If a child has new, worsening or unexplained symptoms​ related to COVID-19, keep your child home from school or care. Use the COVID-19 school and child care screening tool​ to determine how long your child should stay home from school and whether or not they require assessment and testing at a COVID-19 Assessment Centre.


Updated November 12, 2020

What will happen if someone in my​​ child’s class tests positive for COVID-19?

Public health are notified of any positive cases and will notify families of an exposure and provide information about next steps, as appropriate based on the nature of exposure and contact.


What if someone at the school but not in my child’s class tests positive? On the bus? In before and after car​e?

Public health will assess the nature of contact between the student who has tested positive and other students. Families will be notified of a case in the school or on their child’s bus or before and after care program, and next steps will be shared, as appropriate based on the nature of exposure and contact.


What happens if a ​child or staff member is in contact with someone with COVID-19 outside the school, like a family member?

This is part of the screening questions parents/guardians and staff members are required to review each day. If a child or staff member has been in close contact with a confirmed case or has returned from international travel, public health would be in touch with next steps, including 14-day quarantine.

 

When will parents be notified if someone in my child’s class​/school has COVID-19?

Parents/guardians will be notified as soon as possible by public health if there is a positive case in their child’s class. This would likely occur the same day that a positive case is identified. If there is a case in the school but not your child’s class, public health will work with the school to notify parents/guardians.​​


If my child has allergies ​or a cold, do they have to stay home?

If your child is sick, they should stay home. On a daily basis, parents/guardians of students under 18, students over 18 and staff members are responsible for reviewing and adhering to the COVID-19 self-assessment instructions provided by York Region Public Health.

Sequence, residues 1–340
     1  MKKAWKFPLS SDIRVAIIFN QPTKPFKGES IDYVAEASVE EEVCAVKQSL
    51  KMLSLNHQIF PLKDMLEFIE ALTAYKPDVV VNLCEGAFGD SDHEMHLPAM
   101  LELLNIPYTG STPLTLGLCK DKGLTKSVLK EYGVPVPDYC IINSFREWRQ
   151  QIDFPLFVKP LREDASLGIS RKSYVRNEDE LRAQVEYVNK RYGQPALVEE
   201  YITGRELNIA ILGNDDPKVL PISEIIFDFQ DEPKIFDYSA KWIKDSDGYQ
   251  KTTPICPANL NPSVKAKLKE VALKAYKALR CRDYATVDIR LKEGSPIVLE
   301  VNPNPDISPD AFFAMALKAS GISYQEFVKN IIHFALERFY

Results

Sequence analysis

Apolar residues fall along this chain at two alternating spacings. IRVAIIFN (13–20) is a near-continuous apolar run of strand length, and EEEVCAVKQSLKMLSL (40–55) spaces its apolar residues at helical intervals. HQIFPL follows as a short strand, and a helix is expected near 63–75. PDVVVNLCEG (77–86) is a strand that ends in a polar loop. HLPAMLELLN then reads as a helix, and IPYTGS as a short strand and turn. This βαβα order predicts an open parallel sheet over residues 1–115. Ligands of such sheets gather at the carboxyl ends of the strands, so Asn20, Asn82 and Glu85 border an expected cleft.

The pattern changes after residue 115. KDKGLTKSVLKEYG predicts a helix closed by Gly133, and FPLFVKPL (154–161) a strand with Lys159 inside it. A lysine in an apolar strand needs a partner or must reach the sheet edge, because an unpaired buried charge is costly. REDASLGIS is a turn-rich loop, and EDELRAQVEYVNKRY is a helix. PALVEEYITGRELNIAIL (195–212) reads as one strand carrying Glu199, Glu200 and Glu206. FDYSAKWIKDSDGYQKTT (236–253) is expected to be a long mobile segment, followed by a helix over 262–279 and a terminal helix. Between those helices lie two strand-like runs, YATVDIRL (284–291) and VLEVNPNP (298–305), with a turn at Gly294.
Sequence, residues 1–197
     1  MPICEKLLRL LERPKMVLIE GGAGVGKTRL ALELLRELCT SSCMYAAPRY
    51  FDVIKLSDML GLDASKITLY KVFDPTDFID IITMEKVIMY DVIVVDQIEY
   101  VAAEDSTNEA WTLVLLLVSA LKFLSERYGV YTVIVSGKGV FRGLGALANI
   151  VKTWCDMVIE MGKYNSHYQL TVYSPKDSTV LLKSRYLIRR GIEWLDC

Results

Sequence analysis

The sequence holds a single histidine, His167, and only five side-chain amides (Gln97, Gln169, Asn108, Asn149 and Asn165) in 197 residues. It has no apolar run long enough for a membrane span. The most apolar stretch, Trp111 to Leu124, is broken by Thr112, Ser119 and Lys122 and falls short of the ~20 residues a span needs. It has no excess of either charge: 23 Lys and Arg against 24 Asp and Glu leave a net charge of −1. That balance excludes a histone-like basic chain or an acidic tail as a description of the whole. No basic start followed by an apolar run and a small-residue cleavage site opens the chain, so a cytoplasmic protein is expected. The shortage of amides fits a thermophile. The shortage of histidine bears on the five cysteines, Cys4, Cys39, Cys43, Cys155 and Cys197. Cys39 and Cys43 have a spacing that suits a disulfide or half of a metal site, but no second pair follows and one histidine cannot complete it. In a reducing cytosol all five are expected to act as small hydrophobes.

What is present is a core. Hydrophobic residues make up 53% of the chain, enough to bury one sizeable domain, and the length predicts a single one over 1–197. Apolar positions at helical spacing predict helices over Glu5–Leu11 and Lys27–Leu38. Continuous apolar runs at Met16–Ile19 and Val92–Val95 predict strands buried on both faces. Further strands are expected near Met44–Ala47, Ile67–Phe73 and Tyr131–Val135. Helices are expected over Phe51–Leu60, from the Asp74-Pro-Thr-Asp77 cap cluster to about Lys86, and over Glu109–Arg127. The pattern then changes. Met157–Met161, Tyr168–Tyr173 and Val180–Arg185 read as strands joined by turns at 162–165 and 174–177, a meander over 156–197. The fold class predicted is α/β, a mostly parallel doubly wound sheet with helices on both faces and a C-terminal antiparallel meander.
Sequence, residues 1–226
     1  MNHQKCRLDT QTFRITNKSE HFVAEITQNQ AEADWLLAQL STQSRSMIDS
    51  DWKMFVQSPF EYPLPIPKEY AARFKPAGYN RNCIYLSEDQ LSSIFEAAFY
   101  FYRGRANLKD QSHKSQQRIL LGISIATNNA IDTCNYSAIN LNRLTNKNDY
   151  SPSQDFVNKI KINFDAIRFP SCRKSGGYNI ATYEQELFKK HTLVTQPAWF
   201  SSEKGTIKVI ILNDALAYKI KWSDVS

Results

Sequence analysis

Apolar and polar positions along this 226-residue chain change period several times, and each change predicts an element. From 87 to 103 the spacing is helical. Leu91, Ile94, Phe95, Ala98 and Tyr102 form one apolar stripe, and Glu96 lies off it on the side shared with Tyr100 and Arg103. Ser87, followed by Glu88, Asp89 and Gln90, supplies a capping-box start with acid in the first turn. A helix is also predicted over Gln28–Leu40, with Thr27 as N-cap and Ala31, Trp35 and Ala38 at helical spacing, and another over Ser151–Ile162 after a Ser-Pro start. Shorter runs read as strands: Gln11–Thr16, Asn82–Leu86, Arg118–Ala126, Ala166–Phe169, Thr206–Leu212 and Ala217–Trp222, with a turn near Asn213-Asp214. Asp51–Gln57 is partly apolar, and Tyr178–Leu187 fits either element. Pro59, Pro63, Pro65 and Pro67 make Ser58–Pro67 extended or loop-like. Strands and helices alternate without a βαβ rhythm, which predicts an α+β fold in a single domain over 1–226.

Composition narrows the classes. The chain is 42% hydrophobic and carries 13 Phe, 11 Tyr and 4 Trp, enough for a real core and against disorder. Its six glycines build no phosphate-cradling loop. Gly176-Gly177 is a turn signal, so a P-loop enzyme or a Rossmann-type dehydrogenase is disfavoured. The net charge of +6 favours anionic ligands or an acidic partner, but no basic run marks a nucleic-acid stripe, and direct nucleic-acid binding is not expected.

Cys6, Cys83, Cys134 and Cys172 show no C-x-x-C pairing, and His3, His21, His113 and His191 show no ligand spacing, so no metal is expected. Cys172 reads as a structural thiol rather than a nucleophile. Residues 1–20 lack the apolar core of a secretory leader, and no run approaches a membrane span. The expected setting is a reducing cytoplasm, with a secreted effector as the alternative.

If a child has an ongoing chronic condition, such as allergies, with similar symptoms, they would be allowed to come to school. However, if their symptoms change or worsen, they will be asked to stay home, or isolated and parents/guardians contacted.


If there is​ a need for students to self-isolate, can they join an online learning class or course(s)?

If a child is required to self-isolate, their learning would continue to be supported by their in-class teacher.

 

Will extra clea​ning measures be put in place if someone tests positive for COVID-19?

Yes. There are clear protocols that have been reviewed by public health. Additional cleaning measures would be in place in the isolation room, the child’s class and any other affected areas.


If there is a need for students to self-isolate, can they join an online learning ​class​ or course(s)?

If a child is required to self-isolate, their learning would continue to be supported by their in-class teacher.

Will extra cleaning measures be put in place if someone tests positive for COVID-19?

Yes. There are clear protocols that have been reviewed by public health. Additional cleaning measures would be in place in the isolation room, the child’s class and any other affected areas.

Updated August 7, 2020

How are you ensuring the health and safety of students at school?

We continue to work closely with public health authorities and follow their direction and advice. We are putting a number of health and safety measures in place in our schools to help reduce the spread of COVID-19 and protect the health and well-being of our students, staff members and families. This includes:

  • Face coverings (PPE) - Parents/guardians will be expected to provide their child with a personal face covering (non-medical mask) to wear at school to reduce the spread of their own respiratory droplets to protect others. In Grades 4 to 12, students will wear non-medical or cloth masks while in school. In Kindergarten to Grade 3 non-medical or cloth masks are strongly encouraged for students. School staff will also be required to wear masks. 

  • Self-assessment - On a daily basis, parents/guardians of students under 18, students over 18 and staff members are responsible for reviewing and adhering to the COVID-19 self-assessment instructions provided by York Region Public Health. Any student or staff experiencing COVID-19 symptoms is required to remain home.

  • Hand washing and sanitizing - A hand sanitizing station will be placed in the front lobby of the school and in classrooms. Students and staff members will wash their hands or use hand sanitizer regularly, including when they enter the classroom, before and after lunch and recess, after using the washroom or touching shared objects or common touch spots.